Ninety-one percent of school districts nationwide report having a school bus driver shortage, according to 2018 data from School Bus Fleet, a school transportation publication. Additionally, 31% of districts report severe or desperate shortages.

“The reason that the public does not realize that we’re short of drivers is because of the teamwork,” said Deidra Oliver, assistant director at Fort Bend ISD’s Hodges Bend bus terminal.

FBISD is one of thousands of districts nationwide struggling to fill open school bus driver positions.

“It’s a statewide problem, not unique to any district,” said Amy Campbell, director of the Texas Association of School Boards human resources services.

Every day, FBISD is responsible for transporting 30,000 students, or 40% of the district’s student population, to school. Of the 305 school bus routes the district operates, there are 33 open routes—routes without a permanent, full-time driver, FBISD Chief Operations Officer Oscar Perez said.

An internal audit of FBISD’s transportation function found the district had 19 open routes in December 2018, meaning in the last 10 months, FBISD’s driver shortage has worsened.

But, open routes do not tell the whole story: The audit identified FBISD struggles with driver absenteeism and an ineffective part-time driver system.

Greg Gibson, the president of Gibson Consulting Group—the organization that conducted the audit—presented its findings to the district’s board of trustees Aug. 12.

“This is a common problem,” Gibson said during the meeting. “Believe it or not, there are actually school systems that have a worse problem than you do, but that doesn’t make it any better for you.”

Scope of the shortage

The school bus driver shortage is evident in a variety of statistics, including open routes, vacancy rates and absentee rates, Gibson said to the board.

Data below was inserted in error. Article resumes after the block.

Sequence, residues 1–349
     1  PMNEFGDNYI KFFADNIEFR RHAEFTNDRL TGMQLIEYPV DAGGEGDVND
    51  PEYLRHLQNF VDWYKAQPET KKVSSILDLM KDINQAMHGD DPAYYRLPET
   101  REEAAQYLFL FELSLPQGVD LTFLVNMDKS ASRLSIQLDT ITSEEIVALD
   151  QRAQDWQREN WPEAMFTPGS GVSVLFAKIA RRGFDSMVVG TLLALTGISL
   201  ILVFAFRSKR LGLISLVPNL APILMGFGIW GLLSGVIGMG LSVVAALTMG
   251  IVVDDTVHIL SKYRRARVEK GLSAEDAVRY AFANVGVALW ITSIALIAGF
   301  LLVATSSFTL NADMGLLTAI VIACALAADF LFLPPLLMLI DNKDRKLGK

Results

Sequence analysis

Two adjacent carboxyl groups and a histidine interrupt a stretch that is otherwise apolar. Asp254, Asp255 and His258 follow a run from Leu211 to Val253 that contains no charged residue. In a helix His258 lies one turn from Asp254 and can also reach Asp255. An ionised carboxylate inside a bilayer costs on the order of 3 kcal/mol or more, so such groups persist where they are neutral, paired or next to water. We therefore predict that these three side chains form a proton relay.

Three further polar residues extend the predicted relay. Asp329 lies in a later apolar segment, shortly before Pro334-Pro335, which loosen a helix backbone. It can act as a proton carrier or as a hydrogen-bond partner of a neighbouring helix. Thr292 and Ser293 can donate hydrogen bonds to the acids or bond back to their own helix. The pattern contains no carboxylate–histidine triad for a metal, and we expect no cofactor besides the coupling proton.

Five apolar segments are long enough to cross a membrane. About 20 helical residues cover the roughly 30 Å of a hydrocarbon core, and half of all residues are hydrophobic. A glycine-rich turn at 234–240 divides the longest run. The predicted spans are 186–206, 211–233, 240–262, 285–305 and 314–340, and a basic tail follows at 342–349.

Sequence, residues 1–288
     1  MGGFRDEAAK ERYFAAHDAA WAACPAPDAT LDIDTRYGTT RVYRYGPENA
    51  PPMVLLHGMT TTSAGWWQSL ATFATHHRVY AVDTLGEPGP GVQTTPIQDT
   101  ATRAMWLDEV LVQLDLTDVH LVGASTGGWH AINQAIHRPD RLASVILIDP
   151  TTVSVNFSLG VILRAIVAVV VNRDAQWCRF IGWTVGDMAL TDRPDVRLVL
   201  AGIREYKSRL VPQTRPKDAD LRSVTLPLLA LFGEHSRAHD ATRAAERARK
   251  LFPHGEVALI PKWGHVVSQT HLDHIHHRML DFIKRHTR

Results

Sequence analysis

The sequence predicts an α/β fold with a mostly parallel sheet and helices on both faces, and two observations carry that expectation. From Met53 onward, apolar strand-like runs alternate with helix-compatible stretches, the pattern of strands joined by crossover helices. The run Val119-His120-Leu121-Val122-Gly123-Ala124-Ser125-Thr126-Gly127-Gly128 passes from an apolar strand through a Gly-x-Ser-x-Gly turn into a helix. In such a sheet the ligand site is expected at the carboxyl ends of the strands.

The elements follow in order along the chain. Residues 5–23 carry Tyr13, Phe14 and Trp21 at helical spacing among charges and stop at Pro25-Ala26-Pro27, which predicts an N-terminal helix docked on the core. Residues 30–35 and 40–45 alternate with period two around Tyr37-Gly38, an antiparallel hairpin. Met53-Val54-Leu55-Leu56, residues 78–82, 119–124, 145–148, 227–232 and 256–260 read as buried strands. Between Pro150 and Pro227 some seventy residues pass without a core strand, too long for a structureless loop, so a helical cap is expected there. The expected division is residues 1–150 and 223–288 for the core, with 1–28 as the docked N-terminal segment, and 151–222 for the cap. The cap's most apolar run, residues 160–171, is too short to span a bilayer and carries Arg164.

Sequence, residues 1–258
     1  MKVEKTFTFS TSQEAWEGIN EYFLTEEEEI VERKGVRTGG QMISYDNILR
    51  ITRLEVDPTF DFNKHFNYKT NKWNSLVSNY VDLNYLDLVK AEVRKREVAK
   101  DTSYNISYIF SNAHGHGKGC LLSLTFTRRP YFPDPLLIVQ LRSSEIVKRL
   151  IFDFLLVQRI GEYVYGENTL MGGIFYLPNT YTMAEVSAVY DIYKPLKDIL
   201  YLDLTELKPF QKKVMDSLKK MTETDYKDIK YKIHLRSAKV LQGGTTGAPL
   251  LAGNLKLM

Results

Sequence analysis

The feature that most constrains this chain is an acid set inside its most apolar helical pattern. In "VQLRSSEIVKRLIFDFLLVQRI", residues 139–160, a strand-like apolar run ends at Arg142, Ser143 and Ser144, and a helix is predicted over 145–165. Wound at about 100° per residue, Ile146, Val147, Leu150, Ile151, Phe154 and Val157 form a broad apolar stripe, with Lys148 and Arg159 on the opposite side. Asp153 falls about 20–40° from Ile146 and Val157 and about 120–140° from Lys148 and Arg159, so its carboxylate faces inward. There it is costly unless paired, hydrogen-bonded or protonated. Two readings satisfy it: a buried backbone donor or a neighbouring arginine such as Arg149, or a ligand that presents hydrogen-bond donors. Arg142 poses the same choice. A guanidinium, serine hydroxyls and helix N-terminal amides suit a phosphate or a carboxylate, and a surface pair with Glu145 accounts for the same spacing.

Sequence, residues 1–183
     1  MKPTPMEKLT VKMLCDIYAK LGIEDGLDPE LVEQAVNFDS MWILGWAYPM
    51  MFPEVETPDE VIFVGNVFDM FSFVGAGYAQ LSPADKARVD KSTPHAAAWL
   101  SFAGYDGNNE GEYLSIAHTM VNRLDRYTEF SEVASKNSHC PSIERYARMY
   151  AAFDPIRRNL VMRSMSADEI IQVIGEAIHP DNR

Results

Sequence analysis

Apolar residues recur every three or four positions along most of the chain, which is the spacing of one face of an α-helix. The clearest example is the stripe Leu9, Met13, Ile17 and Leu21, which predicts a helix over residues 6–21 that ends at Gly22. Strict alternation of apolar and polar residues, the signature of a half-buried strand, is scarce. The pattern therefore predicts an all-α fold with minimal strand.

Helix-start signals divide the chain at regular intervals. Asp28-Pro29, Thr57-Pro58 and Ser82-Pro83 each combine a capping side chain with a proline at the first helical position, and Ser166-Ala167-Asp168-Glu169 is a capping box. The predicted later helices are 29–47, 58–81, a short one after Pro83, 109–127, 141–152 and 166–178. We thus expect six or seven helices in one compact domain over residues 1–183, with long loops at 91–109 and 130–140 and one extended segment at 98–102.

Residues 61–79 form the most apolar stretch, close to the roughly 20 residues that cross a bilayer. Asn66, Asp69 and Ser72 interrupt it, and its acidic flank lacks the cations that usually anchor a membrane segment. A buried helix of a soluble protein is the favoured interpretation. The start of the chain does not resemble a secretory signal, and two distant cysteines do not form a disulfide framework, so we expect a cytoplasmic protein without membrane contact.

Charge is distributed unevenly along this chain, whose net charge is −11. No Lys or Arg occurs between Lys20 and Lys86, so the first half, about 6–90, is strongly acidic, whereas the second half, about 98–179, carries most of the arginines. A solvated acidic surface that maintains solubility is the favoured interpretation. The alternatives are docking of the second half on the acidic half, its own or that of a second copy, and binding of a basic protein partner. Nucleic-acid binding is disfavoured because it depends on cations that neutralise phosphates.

The district employs 272 permanent bus drivers, 33 short of how many the district needs to be fully staffed.

In addition to the district being 33 full-time drivers short, the audit found on an average day in fall 2018, 21 bus drivers were absent. When there are high levels of absenteeism, the district fills open routes with part-time drivers and other transportation personnel, according to the audit.

The district employs 70 part-time drivers. These drivers do not have set routes or drive every day, but come in and drive routes when they can, Perez said. According to Perez, on a typical day, the district uses 20 part-time drivers.

After using available part-time drivers, remaining open routes are filled by other FBISD transportation staff, such as mechanics.

At the Lake Olympia terminal, the audit found most mechanics are required to drive a route three to four days a week. The audit indicates this interrupts maintenance of the fleet and is more costly to the district, as mechanics are paid more than drivers and often must work overtime to complete their assigned shop duties.

Due to a severe shortage five years ago, FBISD now contracts out some of its transportation needs to GoldStar Transit Inc. GoldStar operates an additional 60 routes on top of the 306 operated by FBISD. Three GoldStar routes do not have a full-time, permanent driver.

“All bus routes are filled every day,” Perez said in an email. “Probably our worst days are when other activities like field trips interfere with our route times or when we [have] high absenteeism.”

Staffing challenges

Cathy Manely, a FBISD bus driver of 25 years, said the biggest challenge is inconsistent paychecks due to having Christmas break and summers off.

“When we’re not here, we do not get paid, period,” Manely said. “If there was any way that we could balance out school to where we could get paid all the time, we’d have people on staff all the time.”

Manely said the driver position is not considered full time and that their days are often broken up by driving in the morning and afternoon with a gap in the middle.